Home > GCARD3

3rd Global Conference on Agricultural Research for Development (GCARD3)
No One Left Behind: Agri–food Innovation and Research for a Sustainable World

5-8 April 2016 | Boksburg, South Africa

Summary Highlights of GCARD3, 5-8 April 2016

Download ENB+ Meeting Report

Report:
Summary

Receive our ENB+ bulletins and reports by email:

Photo Usage Information
Sustainable Development Policy & Practice
Loading...

Receive emailed updates with the news articles above plus related information and announcements from our SDG community mailing list:

Daily Web CoverageAbout | 5 Apr | 6 Apr | 7 Apr | 8 Apr | Summary

Participants meet informally during GCARD3

Dancers perform a traditional Zulu dance to welcome participants to the ARC


Friday, 8 April 2016

On Friday morning, following presentations by two young “agripreneurs,” participants reconvened in thematic groups to finalize their messages and collective actions for inclusion in the GCARD3 Outcomes Statement.

In the afternoon, participants convened in plenary for presentation of the Youth Agripreneurs Project (YAP) awards. Peter Casier, Independent Consultant, introduced five of the six YAP finalists from Barbados, India, the Philippines, Ethiopia and Kenya who each described their winning projects.

Following an overview by Chairs and Co-chairs of the key messages from the two days of thematic discussions, Shadrack Moephuli, President and CEO, ARC, presented the draft GCARD3 Outcomes Statement for adoption. He noted that the Outcomes Statement sketches the overall context of the GCARD3 Global Event and the five key challenges that were explored during the thematic discussions. Moephuli then highlighted the main messages and commitments that emerged from the five thematic groups, noting commitments to, inter alia: establish innovative, farmer-led platforms; create 1,000 additional PhDs per year in “next-generation, future-relevant agricultural research”; continue professional development in agriculture for innovation and entrepreneurship; develop a “culture of impact”; contribute to national measurements of progress and create a platform to harmonize agriculture-related indicators linked to the Sustainable Development Goals (SDGs); build value chain partnerships, while protecting smallholder farmers’ access to resources and developing their business skills; and address cross-cutting themes such as public health and nutrition in agricultural research and innovation programmes.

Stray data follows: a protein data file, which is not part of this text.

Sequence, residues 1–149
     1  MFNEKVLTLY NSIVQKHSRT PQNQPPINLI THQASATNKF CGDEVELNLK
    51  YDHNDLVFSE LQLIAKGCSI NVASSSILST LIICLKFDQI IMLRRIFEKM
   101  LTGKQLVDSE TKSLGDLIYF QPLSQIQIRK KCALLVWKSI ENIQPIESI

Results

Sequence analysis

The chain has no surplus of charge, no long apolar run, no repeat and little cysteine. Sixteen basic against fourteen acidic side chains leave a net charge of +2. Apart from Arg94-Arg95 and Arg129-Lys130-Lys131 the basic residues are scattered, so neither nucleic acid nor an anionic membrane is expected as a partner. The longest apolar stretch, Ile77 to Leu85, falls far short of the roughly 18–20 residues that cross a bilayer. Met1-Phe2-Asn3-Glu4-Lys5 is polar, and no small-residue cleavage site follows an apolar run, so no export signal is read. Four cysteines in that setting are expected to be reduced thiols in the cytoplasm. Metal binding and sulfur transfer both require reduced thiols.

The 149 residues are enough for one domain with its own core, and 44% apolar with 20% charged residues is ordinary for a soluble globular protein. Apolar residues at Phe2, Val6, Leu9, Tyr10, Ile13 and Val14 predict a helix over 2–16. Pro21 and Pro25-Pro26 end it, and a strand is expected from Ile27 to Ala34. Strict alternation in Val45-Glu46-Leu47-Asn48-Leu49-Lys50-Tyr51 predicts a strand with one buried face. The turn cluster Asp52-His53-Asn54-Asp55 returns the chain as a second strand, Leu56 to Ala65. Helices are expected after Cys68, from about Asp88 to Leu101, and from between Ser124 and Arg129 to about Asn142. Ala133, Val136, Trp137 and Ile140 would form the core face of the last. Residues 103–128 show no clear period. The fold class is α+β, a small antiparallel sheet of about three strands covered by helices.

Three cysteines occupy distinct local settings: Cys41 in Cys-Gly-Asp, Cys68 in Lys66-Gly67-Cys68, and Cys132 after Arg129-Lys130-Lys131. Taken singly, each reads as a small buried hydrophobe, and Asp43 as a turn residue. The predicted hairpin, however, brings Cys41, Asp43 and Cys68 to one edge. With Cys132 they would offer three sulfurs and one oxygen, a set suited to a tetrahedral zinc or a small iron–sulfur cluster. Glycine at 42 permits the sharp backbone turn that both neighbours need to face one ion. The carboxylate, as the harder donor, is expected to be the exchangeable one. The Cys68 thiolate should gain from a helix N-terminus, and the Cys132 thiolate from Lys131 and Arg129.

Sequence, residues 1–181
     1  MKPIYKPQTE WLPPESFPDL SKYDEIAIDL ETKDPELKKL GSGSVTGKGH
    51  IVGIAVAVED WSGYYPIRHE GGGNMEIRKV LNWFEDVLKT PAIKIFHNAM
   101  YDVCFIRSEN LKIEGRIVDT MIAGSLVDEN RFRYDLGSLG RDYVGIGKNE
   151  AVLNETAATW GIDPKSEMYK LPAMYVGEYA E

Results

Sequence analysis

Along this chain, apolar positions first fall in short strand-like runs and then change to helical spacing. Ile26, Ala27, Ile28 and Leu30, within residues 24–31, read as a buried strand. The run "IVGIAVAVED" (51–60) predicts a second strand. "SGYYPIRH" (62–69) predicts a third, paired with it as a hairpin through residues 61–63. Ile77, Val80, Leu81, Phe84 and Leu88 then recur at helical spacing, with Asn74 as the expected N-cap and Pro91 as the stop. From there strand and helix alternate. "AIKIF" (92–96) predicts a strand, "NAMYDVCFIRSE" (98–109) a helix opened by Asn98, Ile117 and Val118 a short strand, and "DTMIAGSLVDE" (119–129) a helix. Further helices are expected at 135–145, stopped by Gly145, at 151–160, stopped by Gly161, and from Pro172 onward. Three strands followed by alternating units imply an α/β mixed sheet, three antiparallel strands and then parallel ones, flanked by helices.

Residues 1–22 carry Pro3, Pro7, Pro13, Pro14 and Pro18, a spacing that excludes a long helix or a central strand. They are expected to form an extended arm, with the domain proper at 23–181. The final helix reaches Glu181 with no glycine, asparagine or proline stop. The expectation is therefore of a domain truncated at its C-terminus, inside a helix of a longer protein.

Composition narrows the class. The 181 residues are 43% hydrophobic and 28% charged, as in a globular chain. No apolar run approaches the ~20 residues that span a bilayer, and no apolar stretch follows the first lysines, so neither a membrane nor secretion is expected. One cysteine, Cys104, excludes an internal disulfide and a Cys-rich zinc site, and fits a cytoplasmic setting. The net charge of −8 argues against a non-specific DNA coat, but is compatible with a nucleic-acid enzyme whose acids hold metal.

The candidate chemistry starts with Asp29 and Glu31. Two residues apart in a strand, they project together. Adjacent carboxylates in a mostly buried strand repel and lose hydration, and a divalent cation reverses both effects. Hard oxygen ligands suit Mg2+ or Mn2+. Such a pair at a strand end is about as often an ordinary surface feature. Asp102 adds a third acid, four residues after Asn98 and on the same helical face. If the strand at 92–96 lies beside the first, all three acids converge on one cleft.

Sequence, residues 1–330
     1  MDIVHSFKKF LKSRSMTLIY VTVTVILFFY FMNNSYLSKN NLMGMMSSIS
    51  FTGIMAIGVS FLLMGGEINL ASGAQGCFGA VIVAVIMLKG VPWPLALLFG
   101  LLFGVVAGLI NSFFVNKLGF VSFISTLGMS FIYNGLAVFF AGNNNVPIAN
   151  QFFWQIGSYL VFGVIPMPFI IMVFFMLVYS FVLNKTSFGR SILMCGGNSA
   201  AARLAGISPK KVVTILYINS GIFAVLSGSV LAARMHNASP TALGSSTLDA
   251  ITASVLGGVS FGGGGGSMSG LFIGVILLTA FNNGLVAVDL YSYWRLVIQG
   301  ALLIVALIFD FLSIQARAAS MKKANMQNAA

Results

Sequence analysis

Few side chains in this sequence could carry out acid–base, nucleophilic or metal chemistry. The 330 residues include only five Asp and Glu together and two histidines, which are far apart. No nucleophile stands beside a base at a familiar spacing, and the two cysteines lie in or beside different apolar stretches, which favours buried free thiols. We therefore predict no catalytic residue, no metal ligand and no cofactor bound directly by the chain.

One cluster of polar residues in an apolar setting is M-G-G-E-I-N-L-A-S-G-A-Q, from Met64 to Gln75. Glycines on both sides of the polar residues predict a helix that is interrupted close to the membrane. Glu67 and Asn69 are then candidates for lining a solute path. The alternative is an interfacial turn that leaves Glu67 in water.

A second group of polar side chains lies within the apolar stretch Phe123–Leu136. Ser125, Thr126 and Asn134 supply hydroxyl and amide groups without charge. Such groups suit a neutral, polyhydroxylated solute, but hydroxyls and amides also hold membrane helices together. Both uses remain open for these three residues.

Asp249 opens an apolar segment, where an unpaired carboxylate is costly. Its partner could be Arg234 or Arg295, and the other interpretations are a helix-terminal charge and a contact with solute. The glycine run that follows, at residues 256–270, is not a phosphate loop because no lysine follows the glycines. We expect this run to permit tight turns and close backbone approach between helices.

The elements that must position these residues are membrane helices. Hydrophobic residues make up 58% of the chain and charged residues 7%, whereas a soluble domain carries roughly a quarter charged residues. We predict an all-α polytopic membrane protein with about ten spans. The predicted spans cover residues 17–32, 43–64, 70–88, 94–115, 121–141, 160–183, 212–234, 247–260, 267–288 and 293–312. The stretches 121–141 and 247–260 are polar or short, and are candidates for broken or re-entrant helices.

A final high-level panel discussion moderated by Frank Rijsberman, CEO, CGIAR Consortium, provided regional and global perspectives relating to the GCARD3 outcomes.

Mariam Al Jaajaa, The Arab Network for Food Sovereignty/Arab Group for the Protection of Nature, highlighted the growing problem of food insecurity due to protracted crises in the Near East and North Africa region, and stressed the need for comprehensive research to understand the root causes and devise strategies to create a better future. Bernard Rey, European Commission, highlighted the jointly funded and co-owned EU-Africa Partnership on Research and Innovation on food and nutrition security and sustainable agriculture. Elisabeth Atangana, Plate-forme Régionale des Organisations Paysannes d’Afrique Centrale (PROPAC) underlined the need for science to evolve and adapt to communities’ demands. Sana Jatta, International Fund for Agricultural Development (IFAD), recommended deeper involvement of developing country governments in the GCARD process. Charles-Ferdinand Nothomb, Minister of State, Belgium, called for increasing resources in rural communities through government lobbying and decentralization.

In his vote of thanks Rijsberman noted the Conference had offered an invaluable networking opportunity and welcomed the feedback provided by various stakeholders on how to align the new Strategic Framework with national and regional priorities.

Noting that “for first time, we have bridged science and society to shape our futures,” Mark Holderness, Executive Secretary, GFAR, expressed appreciation for the willingness shown by more than 500 GCARD3 delegates from 83 countries “to go forward together.” He noted that the Conference has shaped a package of tangible actions that “we can proudly take to the SDGs review process.”